When Steven arrived, Ian spent some time with him by the van, deflating our tyres sufficiently for a drive later on, around the Nature Reserve. Frustratingly, the compressor supplied with our van doesn’t appear to work at all, which is a major concern for our future desert drives that form part of our route. Steven also came to look at the fridge freezer. Because of the lack of sun yesterday, the battery had completely drained, hence the alarm going off. He recommended unplugging the appliance completely for half an hour to let it recharge, which we did. Fingers crossed. It would be “quite” annoying if we lost all of our fresh food because of this, especially as I had already had to throw away our frozen foods.
Just as Steven had arrived, we were having lunch at the table, watching a herd of nearly thirty zebras approach the waterIng hole. They stayed there for nearly an hour, and this watering hole totally encourages laziness, as I sat there watching them again!
Cornelia, despite making an earlier promise that having a satsuma and some crackers would not spoil her lunch, did not even take a single bite of her sandwich which was infuriating. I try not to make too big a deal of it, as I do not want to inflict food self-consciousness on her, but I did find myself feeling most annoyed!
To get over myself, I dedicated an hour or so making an origami elephant and zebra with her (a clever gift from Auntie Carole). My zebra was totally wrong, and Ian had a go and got his perfect first time, and I was able to copy his method to improve mine quite considerably! Cornelia made a baby zebra and shoved it inside my zebra’s tummy, saying now it was having a baby!
This zebra came with us on our nature reserve drive in the afternoon, as Ian drove slowly around the designated one-way path, while we listened to nursery rhymes… Although we didn’t see anything animal-wise more spectacular than we had seen from the comfort of our veranda earlier, the drive was unmissable. Even the trees here are starkly beautiful, with their trunks made of twisted, gnarled bark, as if they have been fighting to survive for years against the harsh desert conditions. It really was like driving through an oil painting at times, especially when we were at the top of the dunes and could see the contrasting stripes of the dunes, grasses, mountains and blue skies for miles and miles around us in all directions. Cornelia was bored, so we ramped up her interest levels by taking close ups of animal poo for her to identify from our Southern Africa book and, together we yodelled our way through The Lonely Goatherd from Sound of Music – a hilarious highlight, with Cowding and Zebra singing in peculiar voices made up by Bugsy. Two hours and fourteen miles later, we ended up back at our Hideout, as Cornelia observed “Did we just drive around in a circle?!” (Yes!)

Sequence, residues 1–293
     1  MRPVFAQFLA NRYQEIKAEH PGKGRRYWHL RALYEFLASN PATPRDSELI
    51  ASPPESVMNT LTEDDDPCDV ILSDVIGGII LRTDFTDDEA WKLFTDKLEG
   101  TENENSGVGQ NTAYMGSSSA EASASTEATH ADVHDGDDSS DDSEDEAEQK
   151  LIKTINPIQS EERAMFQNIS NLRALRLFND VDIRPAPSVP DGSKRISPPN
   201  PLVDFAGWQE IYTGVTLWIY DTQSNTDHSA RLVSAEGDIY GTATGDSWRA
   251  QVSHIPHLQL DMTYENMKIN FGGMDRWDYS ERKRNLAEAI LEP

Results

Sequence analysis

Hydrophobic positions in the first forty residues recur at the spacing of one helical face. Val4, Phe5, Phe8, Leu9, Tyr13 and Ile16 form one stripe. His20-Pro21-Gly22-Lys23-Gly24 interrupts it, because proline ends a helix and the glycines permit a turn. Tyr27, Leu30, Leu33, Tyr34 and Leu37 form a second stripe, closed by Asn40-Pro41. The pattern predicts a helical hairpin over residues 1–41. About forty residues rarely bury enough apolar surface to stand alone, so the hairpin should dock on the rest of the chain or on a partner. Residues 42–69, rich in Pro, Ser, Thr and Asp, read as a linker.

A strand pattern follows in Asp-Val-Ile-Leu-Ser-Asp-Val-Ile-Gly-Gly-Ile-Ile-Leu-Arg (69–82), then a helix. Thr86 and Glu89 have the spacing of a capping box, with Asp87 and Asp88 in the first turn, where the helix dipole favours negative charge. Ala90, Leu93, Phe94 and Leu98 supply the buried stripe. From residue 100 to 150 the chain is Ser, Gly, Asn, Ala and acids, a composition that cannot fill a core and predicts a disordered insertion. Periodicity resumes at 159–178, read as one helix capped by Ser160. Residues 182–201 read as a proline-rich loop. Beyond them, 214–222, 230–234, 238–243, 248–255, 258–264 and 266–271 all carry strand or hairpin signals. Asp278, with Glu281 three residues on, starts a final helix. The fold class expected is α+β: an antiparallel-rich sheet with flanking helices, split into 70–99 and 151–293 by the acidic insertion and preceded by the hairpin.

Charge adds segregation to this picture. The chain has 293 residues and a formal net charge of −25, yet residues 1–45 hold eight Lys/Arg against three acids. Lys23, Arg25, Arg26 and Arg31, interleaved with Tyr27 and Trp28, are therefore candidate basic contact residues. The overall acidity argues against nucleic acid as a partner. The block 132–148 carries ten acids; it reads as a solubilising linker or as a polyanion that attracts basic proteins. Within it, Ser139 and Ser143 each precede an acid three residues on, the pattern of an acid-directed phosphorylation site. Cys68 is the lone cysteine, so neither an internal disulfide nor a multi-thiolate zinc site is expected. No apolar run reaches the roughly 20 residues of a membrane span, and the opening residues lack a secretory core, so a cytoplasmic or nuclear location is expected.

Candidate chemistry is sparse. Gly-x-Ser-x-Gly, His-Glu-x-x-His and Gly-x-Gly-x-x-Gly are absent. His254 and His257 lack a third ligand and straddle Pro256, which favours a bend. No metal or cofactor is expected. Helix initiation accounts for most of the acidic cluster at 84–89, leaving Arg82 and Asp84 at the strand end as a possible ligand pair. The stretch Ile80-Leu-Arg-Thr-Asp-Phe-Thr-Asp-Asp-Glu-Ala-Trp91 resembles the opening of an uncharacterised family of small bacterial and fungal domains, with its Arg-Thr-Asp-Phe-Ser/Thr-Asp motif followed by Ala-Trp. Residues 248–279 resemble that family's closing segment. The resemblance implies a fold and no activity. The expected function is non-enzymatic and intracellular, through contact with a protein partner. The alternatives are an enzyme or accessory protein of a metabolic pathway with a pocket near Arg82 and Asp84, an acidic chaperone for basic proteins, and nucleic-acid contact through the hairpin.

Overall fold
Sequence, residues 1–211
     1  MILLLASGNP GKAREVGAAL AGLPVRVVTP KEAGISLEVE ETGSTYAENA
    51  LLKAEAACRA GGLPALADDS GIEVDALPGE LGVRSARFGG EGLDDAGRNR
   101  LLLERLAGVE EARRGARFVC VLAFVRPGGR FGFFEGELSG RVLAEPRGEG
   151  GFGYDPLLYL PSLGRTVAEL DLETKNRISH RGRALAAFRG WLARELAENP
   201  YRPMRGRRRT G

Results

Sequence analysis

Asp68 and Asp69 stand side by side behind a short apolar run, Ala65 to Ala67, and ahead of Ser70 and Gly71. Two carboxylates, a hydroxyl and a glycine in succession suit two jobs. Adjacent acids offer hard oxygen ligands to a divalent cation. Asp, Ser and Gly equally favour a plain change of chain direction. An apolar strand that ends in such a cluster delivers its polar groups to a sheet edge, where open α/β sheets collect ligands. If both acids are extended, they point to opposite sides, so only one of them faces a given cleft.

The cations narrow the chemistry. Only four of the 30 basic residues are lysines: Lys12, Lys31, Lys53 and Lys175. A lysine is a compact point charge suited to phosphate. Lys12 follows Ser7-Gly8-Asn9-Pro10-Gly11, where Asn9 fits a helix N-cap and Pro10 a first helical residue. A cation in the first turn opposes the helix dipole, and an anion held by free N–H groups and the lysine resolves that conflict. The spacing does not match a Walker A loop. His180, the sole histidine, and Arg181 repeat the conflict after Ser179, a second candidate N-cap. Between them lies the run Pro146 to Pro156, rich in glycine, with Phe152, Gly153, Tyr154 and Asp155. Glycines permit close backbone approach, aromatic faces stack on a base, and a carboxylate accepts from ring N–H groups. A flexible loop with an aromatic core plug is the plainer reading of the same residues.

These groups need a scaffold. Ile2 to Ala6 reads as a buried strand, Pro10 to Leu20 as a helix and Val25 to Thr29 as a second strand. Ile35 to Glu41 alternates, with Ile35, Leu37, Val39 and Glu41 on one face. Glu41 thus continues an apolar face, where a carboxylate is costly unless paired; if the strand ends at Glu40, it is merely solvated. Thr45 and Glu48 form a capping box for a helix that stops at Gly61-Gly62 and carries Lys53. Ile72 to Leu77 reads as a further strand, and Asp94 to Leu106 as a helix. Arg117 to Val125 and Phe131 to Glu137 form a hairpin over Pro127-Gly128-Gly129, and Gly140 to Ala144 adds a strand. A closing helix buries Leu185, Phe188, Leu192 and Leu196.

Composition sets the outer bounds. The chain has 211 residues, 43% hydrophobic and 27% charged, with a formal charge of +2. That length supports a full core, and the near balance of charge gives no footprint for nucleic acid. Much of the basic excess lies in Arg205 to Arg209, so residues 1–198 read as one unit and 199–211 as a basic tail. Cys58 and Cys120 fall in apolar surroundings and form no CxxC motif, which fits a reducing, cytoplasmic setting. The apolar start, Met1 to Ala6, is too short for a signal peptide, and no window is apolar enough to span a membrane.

Back in our holiday home, I finished off the bolognese for tea (Cornelia had declared that she was “starving” because she hadn’t eaten her lunch and so wasn’t allowed any afternoon snacks) and we ate early, once she’d done some handwriting practice with Ian, which she was keen to do. In fact, it turned into Ian transforming a picture of an aeroplane in her alphabet book into “Pig Air” complete with a snout nose, pig pilot, trotters for wheels and and a curly vapour trail….!
She ate all her tea and had a yoghurt, and I read Alice in Wonderland to her, before she brushed her teeth and got ready for bed. Ian did her bedtime stories tonight, and I was requested for cuddles while she listened to the next Mumfi instalment. I cuddled her for ten minutes, during which she chatted quietly about the Alice in Wonderland book, which had obviously captured her imagination. “Imagination is …..” as she had informed me earlier! I told her that I’d be back to cuddle her again before I went to bed and within five minutes, she was asleep. I had a beer with Ian and finished off my book before checking in on her at my bedtime – she hadn’t moved an inch!
One thought on “I spy with my little eye…”
There is much similarity between the Namib and our Mojave Desert (west and southwest of the Grand Canyon).